Dalí and his wife and muse, Gala.
 

 
More Dalinian madness at the 1939 World Fair, after the jump…

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Posted by Cherrybomb
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06.20.2017
10:44 am
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Yves Tanguy: The master Surrealist who ate spiders and created smutty sketches just for fun
06.07.2017
02:32 pm
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The great Surrealist painter, Yves Tanguy being himself back in the early 1920s.
 
Paris-born Surrealist Yves Tanguy is one of the masters of the genre and much like his contemporary Salvador Dalí was a spirited individualist. Tanguy’s father passed suddenly when he was only eight. Later his mother would decide to leave Paris after the death of Tanguy’s brother during WWI. Tanguy remained in Paris, finished school and developed a close friendship with Henri Matisse’s son Pierre. That relationship would help lay the groundwork for Tanguy’s future as one of the most influential members during the early days of the Surrealist movement, something that wasn’t really on the young soon-to-be artist’s radar at the time.

After finishing school, Tanguy joined the Navy. In 1920 he was recruited by the Army where he eventually met rebellious French poet Jacques Prévert. Both Tanguy and Prévert had just turned 20 and the two would terrorize parties during which Tanguy would regale guests by chewing on socks or eating live spiders while Prévert egged him on. At some point future actor and screenwriter, Marcel Duhamel would become a regular part of Tanguy and Prévert’s hellraising antics. After leaving the Army the trio headed back to Paris to keep the party going, which they did, quite literally for a few years, by creating a sort of nonconformist utopia at Duhamel’s home where other like-minded creatives could be as off-beat as they wanted.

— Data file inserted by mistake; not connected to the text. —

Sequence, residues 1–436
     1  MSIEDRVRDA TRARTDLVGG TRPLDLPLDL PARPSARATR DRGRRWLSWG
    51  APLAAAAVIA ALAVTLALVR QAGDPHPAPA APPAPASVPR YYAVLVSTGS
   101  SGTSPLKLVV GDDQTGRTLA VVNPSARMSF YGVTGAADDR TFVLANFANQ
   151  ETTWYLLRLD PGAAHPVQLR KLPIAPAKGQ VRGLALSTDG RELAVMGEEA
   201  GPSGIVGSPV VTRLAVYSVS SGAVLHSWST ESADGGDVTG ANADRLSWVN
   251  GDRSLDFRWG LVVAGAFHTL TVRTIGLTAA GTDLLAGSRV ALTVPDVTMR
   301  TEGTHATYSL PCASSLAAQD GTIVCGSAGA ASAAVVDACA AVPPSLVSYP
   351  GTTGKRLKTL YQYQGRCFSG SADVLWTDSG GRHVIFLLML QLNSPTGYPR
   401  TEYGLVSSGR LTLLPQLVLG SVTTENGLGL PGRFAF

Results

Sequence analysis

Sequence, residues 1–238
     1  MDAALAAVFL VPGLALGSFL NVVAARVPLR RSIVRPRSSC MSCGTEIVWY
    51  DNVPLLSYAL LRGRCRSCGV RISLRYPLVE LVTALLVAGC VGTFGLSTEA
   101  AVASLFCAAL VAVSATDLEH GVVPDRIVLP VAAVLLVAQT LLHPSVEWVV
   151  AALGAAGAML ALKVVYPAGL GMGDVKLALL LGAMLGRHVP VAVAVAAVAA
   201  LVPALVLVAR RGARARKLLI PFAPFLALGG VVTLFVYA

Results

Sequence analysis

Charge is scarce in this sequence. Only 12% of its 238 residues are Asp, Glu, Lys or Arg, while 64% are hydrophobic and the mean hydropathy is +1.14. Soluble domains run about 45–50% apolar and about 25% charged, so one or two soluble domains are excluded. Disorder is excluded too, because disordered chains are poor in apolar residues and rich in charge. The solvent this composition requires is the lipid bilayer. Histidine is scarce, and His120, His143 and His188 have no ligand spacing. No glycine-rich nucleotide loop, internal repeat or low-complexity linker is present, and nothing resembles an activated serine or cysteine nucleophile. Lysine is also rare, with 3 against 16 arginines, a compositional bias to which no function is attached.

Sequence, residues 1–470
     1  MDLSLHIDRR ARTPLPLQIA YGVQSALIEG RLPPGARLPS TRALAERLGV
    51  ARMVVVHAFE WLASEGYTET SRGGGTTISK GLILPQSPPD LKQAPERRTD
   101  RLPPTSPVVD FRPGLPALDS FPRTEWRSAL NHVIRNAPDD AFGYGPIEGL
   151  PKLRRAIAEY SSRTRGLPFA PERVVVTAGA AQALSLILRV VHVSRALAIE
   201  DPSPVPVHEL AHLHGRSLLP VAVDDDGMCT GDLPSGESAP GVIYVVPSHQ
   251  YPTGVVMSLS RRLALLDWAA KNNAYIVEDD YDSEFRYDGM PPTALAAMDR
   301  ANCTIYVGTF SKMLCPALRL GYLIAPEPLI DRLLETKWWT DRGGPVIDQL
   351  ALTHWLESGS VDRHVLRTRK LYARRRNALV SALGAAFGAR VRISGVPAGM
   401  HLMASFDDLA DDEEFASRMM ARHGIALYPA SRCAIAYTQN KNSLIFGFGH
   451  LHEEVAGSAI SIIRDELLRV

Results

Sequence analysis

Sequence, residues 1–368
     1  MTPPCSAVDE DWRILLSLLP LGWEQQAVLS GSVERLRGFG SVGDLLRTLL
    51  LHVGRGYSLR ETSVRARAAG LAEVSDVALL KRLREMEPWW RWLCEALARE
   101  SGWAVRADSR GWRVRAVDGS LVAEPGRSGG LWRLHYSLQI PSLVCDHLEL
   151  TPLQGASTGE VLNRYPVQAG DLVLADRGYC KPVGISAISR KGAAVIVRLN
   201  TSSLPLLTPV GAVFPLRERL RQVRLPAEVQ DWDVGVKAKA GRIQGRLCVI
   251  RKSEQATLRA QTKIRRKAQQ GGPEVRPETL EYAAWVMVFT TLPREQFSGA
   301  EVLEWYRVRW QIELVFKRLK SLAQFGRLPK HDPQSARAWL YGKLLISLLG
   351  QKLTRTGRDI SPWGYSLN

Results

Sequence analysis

In an event brought about by the fact that he was surrounded by free-thinkers, Tanguy would see two paintings by Italian artist Giorgio de Chirco hanging in a gallery in Paris. The artist’s work is widely credited with being one of the greatest influences in the development of Surrealism. According to some historians, one of the paintings in question, Le Cerveau de L’enfant (or “The Child’s Brain”), left such an impact on Tanguy that it is said the experience motivated him to start his career as an artist.